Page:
Romance and love are always in style! 

Valentine’s Day isn’t just for grownups. I well remember how it was eagerly awaited by my grade-school classmates. That was a long time ago. We all brought valentines to be given out to our favorite friends and “crushes.” The teacher made sure that everybody got a Valentine.

 It took several centuries for Valentine’s Day to become a romantic and important event in everyday lives. These days we pretty much take for granted that we should be sending some form of Valentine, from flowers to gifts and paper Valentines to a loved one on February 14, Valentine’s Day.

Historically it all began in 496 A.D. when Pope Gelasius ended the ancient, pagan Roman ritual Lupercalia that welcomed spring, February 14. However, it wasn’t till the Middle Ages that it was associated with love.

 King Henry VII decreed in 1537 by Royal charter that “St. Valentine’s Day be honored in England on February 14.

By the 18th century people in England began exchanging cards and hand written letters expressing romantic feelings. These were flat paper sheets often printed with colored illustrations and embossed borders, folded and sealed with wax and mailed. Small gifts were also given.                       

A young Queen Victoria made the giving of valentines popular in the early 19th century. Another influence was the Industrial Revolution that made paper cheaper. Now, everybody could afford to send paper valentines. The new postal system made mailing affordable.

Not all valentines were romantic. So-called “vinegar” valentines, with insulting verses and art were sent to people the sender didn’t like. Women sent them to men. They usually had a four-line insulting poem. They are still-being made.

In the 1840s, in America, Esther A. Howland formed the New England Valentine Company based in Worcester, Massachusetts. The cards were trimmed with elaborate lace, ribbons and embossed gilt paper. She is considered the “Mother of American Valentines.” While working in her fathers’ stationary store, and going through the mail she noticed some cards that were trimmed in lace. Hiring several local women she began mass producing cards for Valentine’s Day.

By the mid-19th century many innovations were made. A scented Valentine was introduced in the 1860s by Eugene Rimmel a London perfumer.

Raphael Tuck created pop-up valentine figures that depicted lovers and cherubs.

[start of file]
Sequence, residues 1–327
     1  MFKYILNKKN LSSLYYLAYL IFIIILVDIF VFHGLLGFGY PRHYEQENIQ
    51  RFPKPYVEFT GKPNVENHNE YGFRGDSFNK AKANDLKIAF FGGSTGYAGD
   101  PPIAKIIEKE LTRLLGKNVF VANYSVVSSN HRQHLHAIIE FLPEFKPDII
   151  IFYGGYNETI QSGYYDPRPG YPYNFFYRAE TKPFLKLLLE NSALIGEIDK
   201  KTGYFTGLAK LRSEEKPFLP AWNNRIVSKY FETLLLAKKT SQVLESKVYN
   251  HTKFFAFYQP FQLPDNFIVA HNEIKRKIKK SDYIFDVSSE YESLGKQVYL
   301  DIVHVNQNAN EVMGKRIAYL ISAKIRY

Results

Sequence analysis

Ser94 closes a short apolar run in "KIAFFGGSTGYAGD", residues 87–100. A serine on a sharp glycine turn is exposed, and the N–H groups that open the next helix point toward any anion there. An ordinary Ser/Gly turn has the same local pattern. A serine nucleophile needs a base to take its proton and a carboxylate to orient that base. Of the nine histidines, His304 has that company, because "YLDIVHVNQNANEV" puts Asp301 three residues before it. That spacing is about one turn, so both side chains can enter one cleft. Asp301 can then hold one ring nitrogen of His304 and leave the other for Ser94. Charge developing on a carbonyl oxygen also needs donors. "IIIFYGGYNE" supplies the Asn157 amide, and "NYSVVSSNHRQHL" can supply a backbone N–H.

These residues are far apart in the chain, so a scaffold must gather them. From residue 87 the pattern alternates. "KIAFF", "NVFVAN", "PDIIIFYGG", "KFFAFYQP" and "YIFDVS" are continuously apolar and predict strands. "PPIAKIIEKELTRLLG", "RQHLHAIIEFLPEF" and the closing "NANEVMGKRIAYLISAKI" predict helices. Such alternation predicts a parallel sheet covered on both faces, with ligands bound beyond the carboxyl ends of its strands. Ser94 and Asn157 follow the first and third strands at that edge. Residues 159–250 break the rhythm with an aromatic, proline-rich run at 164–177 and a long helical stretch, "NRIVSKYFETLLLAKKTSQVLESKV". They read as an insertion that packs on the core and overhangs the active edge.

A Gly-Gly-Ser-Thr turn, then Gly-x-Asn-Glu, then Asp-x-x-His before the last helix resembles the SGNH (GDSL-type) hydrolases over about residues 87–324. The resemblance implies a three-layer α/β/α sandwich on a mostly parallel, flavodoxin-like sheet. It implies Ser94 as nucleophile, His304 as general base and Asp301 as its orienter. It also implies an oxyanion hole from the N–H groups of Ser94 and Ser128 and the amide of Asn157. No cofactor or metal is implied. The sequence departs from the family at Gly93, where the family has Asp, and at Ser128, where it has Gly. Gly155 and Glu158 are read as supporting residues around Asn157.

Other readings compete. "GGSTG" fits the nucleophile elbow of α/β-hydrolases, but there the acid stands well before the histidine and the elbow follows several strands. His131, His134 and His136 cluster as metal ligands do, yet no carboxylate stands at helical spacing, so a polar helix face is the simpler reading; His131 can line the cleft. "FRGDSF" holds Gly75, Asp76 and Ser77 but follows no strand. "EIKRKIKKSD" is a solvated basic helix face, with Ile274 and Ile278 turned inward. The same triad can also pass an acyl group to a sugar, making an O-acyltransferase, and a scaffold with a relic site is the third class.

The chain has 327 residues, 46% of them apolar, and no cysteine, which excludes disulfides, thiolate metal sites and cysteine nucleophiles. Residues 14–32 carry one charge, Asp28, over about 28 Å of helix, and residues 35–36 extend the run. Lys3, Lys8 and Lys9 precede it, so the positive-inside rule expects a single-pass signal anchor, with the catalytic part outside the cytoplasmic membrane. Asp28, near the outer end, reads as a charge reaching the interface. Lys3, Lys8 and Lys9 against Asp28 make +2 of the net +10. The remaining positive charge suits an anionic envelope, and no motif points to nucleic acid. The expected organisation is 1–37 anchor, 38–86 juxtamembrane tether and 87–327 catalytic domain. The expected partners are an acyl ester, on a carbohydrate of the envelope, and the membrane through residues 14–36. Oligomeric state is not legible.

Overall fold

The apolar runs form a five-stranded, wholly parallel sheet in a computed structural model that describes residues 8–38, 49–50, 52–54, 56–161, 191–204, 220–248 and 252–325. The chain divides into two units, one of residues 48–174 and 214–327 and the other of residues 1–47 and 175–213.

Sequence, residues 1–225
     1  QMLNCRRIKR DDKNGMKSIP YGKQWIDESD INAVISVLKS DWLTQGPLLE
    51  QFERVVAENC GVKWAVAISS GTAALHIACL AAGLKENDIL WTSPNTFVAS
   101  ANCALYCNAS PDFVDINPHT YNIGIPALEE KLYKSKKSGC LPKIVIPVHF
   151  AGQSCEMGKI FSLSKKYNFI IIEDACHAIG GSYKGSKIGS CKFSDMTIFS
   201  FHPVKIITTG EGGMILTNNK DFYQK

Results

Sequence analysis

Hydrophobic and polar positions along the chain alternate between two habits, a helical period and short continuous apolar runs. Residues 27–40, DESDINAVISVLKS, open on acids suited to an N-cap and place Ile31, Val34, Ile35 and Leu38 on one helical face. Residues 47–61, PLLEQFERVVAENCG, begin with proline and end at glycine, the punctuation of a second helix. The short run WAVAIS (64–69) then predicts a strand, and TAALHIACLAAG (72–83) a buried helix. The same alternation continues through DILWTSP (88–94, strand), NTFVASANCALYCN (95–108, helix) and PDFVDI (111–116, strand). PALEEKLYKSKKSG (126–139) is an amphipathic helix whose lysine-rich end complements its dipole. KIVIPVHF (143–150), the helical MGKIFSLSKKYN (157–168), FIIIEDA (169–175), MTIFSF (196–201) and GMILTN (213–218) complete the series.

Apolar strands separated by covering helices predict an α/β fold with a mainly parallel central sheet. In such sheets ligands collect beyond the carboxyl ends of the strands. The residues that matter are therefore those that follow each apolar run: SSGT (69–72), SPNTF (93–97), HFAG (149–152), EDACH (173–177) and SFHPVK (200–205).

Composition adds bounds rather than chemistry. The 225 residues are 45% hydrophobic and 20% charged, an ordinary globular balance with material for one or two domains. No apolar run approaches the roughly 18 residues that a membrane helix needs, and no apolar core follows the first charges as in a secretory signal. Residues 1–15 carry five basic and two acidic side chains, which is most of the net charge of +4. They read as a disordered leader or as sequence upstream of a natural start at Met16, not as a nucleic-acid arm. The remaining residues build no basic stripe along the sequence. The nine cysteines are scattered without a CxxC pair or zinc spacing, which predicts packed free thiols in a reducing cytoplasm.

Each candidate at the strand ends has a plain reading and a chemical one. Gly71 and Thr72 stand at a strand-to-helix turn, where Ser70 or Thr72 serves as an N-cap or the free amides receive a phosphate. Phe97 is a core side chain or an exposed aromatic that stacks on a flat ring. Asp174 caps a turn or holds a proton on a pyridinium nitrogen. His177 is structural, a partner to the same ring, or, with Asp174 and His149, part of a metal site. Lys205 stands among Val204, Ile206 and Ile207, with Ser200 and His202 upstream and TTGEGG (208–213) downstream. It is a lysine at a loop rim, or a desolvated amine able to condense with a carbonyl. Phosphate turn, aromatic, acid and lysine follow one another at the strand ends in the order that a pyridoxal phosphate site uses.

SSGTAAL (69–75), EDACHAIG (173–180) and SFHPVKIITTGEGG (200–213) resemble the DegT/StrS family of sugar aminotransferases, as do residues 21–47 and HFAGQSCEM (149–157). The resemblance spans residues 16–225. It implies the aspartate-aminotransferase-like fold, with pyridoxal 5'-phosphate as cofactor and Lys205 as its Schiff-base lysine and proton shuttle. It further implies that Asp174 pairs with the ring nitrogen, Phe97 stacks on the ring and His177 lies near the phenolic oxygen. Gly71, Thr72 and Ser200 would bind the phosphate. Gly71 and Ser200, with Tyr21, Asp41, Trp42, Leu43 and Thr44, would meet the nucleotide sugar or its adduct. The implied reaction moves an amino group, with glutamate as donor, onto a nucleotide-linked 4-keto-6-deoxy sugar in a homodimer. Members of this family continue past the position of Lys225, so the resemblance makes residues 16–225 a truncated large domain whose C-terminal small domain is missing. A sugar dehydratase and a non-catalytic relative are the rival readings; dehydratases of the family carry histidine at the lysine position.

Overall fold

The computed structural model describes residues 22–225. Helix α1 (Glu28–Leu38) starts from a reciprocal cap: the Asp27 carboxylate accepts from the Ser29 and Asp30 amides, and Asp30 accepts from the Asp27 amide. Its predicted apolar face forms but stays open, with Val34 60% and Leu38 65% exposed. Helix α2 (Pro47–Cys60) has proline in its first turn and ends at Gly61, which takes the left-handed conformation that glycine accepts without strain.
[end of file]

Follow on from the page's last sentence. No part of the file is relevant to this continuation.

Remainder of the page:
Not all Valentines were paper or mailed. So-called “sailors valentines were made beginning in the 1860s on the island of Barbados. They were eight-sided boxes with romantic designs and words made of colored seashells. They were purchased by sailors on leave, who gave them to their sweethearts when they returned home. When they come up at auction some are priced in the thousands of dollars.

Postcard valentines were an inexpensive way to express affection beginning in the early 20th century.

In 1913 Hallmark began mass-producing valentines.

An exciting new development was the valentine with moveable parts first made in Germany in 1890. However it wasn’t till the 1920s that it came into popular use. Illustrations of children and animals were depicted and arms and legs moved. A Disney mechanical valentine best seller was a Mickey Mouse valentine with rolling eyeballs.

What is Valentine’s Day without a gift of heart-shaped chocolates in a red heart-shaped box? The first heart-shaped box of chocolates was made in 1861 in England. For many romantic souls a box of Hershey’s chocolate “kisses” is the traditional Valentine gift. The “kisses” were introduced by the Hershey chocolate company in 1907. During a Nielsen Survey in 2016 “Kisses” were the second most popular packaged candy product for Valentine’s Day.

Many collectors of Valentine memorabilia display framed sheet music from the early 20th century with Valentine images. They make a unique Valentine.

Now that you know all about Valentine’s Day use your own creativity to show someone special you care. Contact the National Valentine Collectors Association for more information.